Alien Tort Statute lives to die another day

kiobelPerhaps the only surprise in yesterday’s ruling in Kiobel v. Royal Dutch Petroleum was the vote: the long-running lawsuit, brought by Nigerian-born U.S. asylees, was rejected unanimously by the 9 Justices of the U.S. Supreme Court.

The bottom-line outcome (though not the vote margin) could be read on the wall 13 months ago, when the Court – having just heard argument on the question of whether corporations could be sued under the statute – announced that it would hear reargument on this question:

‘Whether and under what circumstances the Alien Tort Statute, 28 U.S.C. § 1350, allows courts to recognize a cause of action for violations of the law of nations occurring within the territory of a sovereign other than the United States.’

As I’d noted ‘way back in 2010, the question became ripe when the Court, in a securities judgment called Morrison v. National Bank Australia Limited, broadly reaffirmed the notion that absent clear statement to the contrary, all acts of Congress should be presumed to apply only within the borders of the United States.

In many respects, the rather terse, 14-page opinion of the Court by Chief Justice John G. Roberts, Jr. does little more than state that this presumption of extraterritoriality applies to suits under the circa-1789 statute at issue, the 33 words of which –

‘The district courts shall have original jurisdiction of any civil action by an alien for a tort only, committed in violation of the law of nations or a treaty of the United States.’

– include no explicit statement one way or another. Much is left for future litigation, with various opinions offering glimmers of fact patterns that might, to adopt the words of the Court (p. 14), operate “with sufficient force to displace the presumption against extraterritorial application”:

► Roberts’ own opinion concludes by stating:

‘On these facts, all the relevant conduct took place outside the United States. … Corporations are often present in many countries, and it would reach too far to say that mere corporate presence suffices. …’

The sentences permit the inference that the outcome would not be predetermined if some “relevant conduct” occurred within the United States and/or if the corporate defendant were chartered in or otherwise operated extensively in the United States, to a degree greater than Shell.

► The 4 Justices whom many expected to dissent, though they agreed with rejection of the suit in Kiobel, set out a 15-page concurrence in the judgment positing a framework for situations that might be actionable notwithstanding the newly reaffirmed presumption against extraterritoriality. Justice Stephen G. Breyer thus wrote – in an opinion joined by Justices Ruth Bader Ginsburg, Sonia Sotomayor, and Elena Kagan – that jurisdiction would lie if:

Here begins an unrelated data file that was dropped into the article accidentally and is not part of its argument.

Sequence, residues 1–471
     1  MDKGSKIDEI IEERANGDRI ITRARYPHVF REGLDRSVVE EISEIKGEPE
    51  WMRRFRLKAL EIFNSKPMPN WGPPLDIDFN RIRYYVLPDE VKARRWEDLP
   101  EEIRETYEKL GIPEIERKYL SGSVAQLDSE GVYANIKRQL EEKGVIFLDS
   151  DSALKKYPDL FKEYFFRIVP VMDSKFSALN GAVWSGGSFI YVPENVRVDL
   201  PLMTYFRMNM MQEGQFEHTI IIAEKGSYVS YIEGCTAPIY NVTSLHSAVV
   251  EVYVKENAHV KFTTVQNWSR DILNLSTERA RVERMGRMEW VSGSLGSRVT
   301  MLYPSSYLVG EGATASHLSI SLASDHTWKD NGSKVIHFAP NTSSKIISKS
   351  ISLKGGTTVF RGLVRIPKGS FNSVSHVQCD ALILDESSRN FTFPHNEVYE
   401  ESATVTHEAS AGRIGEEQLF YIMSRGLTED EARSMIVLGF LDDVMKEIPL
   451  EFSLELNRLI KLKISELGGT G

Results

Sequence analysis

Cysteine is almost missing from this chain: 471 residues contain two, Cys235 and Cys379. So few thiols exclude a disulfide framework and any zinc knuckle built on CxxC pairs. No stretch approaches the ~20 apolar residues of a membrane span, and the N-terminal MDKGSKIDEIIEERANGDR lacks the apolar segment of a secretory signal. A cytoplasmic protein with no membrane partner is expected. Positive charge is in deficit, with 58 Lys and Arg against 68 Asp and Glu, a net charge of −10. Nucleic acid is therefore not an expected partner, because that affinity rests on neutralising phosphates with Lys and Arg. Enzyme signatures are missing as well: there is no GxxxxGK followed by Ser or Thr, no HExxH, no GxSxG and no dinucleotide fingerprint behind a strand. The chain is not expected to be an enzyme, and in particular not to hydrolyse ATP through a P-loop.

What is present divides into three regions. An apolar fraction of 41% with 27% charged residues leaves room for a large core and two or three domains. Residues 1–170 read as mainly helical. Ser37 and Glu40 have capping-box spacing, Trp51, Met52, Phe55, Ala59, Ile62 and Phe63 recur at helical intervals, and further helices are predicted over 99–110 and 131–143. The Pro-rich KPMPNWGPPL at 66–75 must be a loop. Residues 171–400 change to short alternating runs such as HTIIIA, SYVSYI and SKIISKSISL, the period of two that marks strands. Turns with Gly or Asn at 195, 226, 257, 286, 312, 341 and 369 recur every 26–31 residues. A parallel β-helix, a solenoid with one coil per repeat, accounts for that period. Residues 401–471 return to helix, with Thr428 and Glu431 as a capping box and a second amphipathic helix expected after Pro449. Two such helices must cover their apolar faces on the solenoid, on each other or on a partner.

‘(1) the alleged tort occurs on American soil, (2) the defendant is an American national, or (3) the defendant’s conduct substantially and adversely affects an important American national interest …’

National interest, this exceptionally American opinion stated,

‘includes a distinct interest in preventing the United States from becoming a safe harbor (free of civil as well as criminal liability) for a torturer or other common enemy of mankind.’

► The Court’s perennial swing vote did not expressly endorse the above 3-part test. Nevertheless, Justice Anthony M. Kennedy, in a solo concurrence, underscored that Roberts’ opinion

‘is careful to leave open a number of significant questions regarding the reach and interpretation of the Alien Tort Statute.’

Kennedy noted that the decision in Kiobel does not affect fact patterns falling within the scope of the Torture Victim Protection Act of 1991. Even allegations of human rights abuses not covered by TVPA, yet not fully foreclosed by Kiobel, await additional litigation. As Kennedy put it:

‘[I]n those disputes the proper implementation of the presumption against extraterritorial application may require some further elaboration and explanation.’

In short: Dealt a harsh blow yesterday, some litigation under the Alien Tort Statute lives on, though perhaps just to die another day.

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